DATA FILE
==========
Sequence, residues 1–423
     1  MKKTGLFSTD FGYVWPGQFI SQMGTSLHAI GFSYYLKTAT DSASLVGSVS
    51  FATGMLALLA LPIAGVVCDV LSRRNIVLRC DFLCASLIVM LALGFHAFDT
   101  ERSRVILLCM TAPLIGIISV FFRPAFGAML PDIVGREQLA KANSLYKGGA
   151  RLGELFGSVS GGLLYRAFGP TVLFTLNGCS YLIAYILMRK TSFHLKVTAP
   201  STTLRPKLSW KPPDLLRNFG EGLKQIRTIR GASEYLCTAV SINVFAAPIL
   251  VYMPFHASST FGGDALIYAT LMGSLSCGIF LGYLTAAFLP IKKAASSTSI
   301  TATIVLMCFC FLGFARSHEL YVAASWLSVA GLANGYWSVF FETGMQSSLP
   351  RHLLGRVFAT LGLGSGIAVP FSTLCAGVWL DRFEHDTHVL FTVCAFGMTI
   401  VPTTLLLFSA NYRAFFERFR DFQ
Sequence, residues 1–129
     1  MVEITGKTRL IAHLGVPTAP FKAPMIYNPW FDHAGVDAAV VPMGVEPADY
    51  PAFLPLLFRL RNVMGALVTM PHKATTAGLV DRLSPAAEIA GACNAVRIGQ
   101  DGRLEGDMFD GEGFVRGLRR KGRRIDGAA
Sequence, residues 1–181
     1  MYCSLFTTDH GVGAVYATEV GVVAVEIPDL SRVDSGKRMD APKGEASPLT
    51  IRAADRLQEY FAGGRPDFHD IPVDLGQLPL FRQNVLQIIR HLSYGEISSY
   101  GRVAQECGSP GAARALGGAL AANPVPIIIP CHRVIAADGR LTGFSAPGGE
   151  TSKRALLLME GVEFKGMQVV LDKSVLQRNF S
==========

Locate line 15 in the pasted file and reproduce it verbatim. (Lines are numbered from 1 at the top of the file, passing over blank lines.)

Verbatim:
Sequence, residues 1–181